Northern catalpa (Catalpa speciosa) is occasionally seen in suburban front yards but rarely seen in natural areas in Minnesota. That may soon change. Prior to European settlement the range of northern catalpa had contracted to a small area around the confluence of the Mississippi and Ohio Rivers. In the 1930s and 1940s it was widely planted as a windbreak and cultivated for fence posts in Ohio. It is still sold and planted as a shade tree and ornamental because of its large leaves and showy flowers. It has now become naturalized from Kansas to Virginia north to southern Michigan and southern Wisconsin. Its range continues to spread and now includes almost all states east of the Rocky Mountains. In Minnesota it is not fully established but is locally naturalized. It is hardy up to zone 4, which includes the southern half of the state.
Northern catalpa is a medium-sized, moderately fast-growing, moderately short-lived, deciduous tree. It has very large heart-shaped leaves arranged in whorls of three. From May to June it produces large, showy clusters of white flowers. The flowers are fragrant but inhaling their aroma may be poisonous to some individuals. The flowers are replaced in late summer by long, thin, pencil-shaped seedpods. In autumn the leaves turn pale yellowish-green and fall before turning yellowish-brown.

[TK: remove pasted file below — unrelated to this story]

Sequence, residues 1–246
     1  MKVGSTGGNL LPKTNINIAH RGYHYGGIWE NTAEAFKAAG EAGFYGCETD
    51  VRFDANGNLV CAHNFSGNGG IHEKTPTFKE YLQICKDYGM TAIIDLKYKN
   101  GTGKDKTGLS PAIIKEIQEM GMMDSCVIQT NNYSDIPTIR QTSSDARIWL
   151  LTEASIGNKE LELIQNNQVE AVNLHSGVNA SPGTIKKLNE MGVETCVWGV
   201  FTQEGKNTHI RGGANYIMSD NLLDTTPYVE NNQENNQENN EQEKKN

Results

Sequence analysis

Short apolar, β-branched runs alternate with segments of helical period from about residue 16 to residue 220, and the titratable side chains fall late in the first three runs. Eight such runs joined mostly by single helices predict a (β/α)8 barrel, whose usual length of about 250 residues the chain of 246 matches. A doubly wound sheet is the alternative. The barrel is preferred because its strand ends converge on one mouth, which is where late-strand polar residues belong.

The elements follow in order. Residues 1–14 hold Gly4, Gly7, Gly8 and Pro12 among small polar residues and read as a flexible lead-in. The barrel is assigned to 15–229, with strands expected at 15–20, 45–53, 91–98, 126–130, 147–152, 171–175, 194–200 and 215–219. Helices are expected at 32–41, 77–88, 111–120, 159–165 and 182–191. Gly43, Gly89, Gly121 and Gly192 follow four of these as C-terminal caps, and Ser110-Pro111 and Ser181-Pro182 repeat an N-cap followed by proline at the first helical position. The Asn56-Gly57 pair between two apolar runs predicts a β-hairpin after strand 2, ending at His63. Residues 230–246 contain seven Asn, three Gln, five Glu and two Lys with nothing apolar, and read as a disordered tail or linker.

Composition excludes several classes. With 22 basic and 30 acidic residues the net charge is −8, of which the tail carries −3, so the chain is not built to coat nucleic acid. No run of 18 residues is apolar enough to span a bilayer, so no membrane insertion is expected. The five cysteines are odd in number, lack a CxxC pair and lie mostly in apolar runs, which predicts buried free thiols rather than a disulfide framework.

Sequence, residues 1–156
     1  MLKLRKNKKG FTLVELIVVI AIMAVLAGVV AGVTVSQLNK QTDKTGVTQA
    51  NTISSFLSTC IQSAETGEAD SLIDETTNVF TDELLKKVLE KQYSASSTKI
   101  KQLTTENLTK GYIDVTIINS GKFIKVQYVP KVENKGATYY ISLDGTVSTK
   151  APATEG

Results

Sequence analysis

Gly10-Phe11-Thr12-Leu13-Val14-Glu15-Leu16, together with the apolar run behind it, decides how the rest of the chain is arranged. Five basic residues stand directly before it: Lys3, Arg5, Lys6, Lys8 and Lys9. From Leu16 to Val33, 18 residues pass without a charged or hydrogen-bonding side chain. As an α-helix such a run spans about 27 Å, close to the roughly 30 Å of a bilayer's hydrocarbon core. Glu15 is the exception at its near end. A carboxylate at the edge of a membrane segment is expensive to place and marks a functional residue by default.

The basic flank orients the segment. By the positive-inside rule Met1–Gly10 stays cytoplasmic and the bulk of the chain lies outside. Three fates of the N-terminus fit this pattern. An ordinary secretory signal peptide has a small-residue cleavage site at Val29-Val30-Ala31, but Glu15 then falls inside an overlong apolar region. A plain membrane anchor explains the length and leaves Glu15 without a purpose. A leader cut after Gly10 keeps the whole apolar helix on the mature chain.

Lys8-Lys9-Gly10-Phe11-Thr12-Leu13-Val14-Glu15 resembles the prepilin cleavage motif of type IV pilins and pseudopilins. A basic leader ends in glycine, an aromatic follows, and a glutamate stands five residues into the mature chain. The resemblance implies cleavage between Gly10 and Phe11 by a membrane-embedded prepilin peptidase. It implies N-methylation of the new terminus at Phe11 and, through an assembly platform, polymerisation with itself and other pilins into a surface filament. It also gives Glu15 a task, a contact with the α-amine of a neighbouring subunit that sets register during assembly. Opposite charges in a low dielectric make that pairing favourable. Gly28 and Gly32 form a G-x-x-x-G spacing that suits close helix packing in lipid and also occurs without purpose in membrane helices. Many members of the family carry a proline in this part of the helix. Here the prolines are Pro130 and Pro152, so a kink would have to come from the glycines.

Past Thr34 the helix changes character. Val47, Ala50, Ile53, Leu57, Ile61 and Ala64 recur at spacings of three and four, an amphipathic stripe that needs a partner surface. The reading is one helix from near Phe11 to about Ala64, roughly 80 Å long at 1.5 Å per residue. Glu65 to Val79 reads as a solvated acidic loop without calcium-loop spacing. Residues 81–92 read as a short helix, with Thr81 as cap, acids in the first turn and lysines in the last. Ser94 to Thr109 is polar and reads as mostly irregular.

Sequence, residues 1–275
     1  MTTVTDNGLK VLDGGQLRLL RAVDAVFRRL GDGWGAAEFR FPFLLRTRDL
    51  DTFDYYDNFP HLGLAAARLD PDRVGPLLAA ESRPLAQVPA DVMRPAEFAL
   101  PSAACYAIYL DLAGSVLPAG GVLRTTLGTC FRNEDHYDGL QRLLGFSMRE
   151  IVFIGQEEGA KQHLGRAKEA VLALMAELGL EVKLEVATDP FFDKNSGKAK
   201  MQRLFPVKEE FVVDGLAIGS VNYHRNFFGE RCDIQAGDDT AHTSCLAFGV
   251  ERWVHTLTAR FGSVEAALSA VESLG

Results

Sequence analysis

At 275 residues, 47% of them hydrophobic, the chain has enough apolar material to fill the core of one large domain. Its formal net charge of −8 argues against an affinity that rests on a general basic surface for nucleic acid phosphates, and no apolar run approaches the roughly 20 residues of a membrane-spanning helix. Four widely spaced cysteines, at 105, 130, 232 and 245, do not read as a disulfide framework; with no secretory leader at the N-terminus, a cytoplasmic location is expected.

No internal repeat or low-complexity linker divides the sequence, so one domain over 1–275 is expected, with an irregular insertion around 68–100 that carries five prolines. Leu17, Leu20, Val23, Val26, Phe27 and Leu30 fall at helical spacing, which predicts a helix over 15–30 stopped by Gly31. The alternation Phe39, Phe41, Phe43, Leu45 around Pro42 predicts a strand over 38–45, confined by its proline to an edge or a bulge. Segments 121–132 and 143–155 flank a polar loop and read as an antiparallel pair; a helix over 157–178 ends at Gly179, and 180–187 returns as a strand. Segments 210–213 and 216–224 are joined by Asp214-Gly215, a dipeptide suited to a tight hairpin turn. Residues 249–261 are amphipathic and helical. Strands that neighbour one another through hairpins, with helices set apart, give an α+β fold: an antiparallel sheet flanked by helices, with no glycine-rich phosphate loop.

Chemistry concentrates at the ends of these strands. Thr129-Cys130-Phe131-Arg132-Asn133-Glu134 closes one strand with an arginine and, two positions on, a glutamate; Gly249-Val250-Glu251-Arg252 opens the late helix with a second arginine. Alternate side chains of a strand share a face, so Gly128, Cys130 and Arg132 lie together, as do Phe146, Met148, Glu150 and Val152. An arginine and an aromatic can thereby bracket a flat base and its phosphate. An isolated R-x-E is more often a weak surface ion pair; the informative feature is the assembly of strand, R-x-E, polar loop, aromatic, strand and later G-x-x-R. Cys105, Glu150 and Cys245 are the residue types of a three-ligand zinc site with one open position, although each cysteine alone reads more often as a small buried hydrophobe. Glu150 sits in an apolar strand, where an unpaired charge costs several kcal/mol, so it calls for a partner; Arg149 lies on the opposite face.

Chinese catalpa (Catalpa ovata) is also found in Minnesota. Northern catalpa is distinguished by unlobed leaves that are densely short-hairy on the underside, larger flowers, and relatively thick-walled seedpods.